Fixes, workaround for Kerberos 5 vulnerability

A security hole could be exploited to launch malicious code. But there are fixes and a workaround.

Attackers could use a "serious" security hole in the Kerberos 5 administration library to launch malicious code, according to an advisory from the Massachusetts Institute of Technology's (MIT) Kerberos Team. But fixes and a workaround are available.

According to the team's advisory, the problem is a heap buffer overflow in the MIT Kerberos 5 administration library, also known as libkadm5srv. The vulnerability is in the password history handling code, which the advisory said "could be exploited to execute arbitrary code on a Key Distribution Center (KDC) host."

"The overflow occurs during a password change of a principal with a certain password history state," the advisory added. "An administrator must have performed a certain password policy change in order to create the vulnerable state."

The MIT Kerberos Team said it knows of no exploits to date, though it noted there has been public discussion of the flaw in recent weeks, including "sufficient detail that someone could infer how to perform an attack."

Fortunately, the advisory said, "exploitation of this vulnerability is believed to be difficult, due to the limited extent of the overflow."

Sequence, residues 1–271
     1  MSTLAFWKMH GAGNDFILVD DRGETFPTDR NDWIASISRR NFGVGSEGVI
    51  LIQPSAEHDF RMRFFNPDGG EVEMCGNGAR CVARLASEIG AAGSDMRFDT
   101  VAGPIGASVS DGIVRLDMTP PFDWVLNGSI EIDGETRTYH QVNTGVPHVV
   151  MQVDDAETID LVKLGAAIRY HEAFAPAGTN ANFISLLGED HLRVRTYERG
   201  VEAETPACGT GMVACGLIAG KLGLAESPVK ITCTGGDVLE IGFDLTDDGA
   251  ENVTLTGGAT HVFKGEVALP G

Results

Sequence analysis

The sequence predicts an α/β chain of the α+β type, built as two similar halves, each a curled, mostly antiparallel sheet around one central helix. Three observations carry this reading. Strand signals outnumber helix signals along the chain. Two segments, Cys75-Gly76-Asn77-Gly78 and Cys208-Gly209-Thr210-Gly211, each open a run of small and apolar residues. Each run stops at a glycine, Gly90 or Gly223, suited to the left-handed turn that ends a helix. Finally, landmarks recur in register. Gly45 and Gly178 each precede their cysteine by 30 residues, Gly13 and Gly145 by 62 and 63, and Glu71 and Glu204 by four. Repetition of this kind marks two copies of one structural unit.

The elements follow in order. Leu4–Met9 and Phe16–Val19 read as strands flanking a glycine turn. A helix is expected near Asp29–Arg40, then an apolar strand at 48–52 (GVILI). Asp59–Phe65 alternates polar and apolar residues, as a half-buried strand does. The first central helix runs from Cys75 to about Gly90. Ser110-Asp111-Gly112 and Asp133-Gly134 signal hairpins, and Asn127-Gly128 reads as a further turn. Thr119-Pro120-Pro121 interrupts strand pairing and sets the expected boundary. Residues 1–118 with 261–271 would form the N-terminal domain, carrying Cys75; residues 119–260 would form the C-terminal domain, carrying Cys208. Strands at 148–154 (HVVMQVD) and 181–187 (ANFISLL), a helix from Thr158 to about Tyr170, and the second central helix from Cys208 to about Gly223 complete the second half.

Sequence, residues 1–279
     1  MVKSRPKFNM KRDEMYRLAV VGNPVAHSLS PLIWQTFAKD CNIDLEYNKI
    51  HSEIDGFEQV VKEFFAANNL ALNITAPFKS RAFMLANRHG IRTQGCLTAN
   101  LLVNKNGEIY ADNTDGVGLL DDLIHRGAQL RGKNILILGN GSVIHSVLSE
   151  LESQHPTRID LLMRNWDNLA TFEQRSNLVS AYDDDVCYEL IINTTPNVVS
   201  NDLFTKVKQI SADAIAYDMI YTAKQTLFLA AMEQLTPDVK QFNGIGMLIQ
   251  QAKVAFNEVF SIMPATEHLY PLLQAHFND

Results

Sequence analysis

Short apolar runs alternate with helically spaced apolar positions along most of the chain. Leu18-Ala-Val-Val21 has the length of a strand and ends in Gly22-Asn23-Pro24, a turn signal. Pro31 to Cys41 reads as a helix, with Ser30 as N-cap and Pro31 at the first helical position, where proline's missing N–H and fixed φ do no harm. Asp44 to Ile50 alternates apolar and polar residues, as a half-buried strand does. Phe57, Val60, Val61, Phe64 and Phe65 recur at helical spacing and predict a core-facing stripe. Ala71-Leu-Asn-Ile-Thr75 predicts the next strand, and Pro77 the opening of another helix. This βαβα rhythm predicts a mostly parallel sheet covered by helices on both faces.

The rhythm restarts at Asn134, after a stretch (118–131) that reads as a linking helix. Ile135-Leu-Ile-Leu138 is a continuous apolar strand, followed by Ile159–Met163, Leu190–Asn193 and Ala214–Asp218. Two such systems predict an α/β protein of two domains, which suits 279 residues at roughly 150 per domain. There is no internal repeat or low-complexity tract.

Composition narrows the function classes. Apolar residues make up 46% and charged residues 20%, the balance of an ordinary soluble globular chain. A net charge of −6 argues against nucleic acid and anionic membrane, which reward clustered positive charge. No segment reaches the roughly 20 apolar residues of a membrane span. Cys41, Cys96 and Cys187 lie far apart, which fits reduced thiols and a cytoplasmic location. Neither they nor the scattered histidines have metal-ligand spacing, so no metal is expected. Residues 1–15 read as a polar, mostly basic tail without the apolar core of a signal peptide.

Nevertheless, the team warned that an authenticated user -- not necessarily one with administrative privileges -- could launch arbitrary code on the KDC host, "compromising an entire Kerberos realm." The advisory includes a list of mitigating factors that could make exploitation more difficult.

The vulnerability affects KDC software on all releases of MIT Kerberos 5 up to and including version 1.3.5.

A patch is available for version 1.3.5 and the vulnerability is fixed in version 1.4-beta3. The vulnerability is also expected to be fixed in the upcoming krb5-1.4 release and krb5-1.3.6 patch release.

Until KDC programs and libraries have been patched, the advisory recommended users "not decrease the password history count on any policy in your Kerberos realm. Also, if you have already decreased the password history count on a policy at some point in the past, you should raise it to the maximum value that it has had in the past."

Kerberos is a secure method for authenticating a request for a service in a computer network. It was developed in the Athena Project at MIT.

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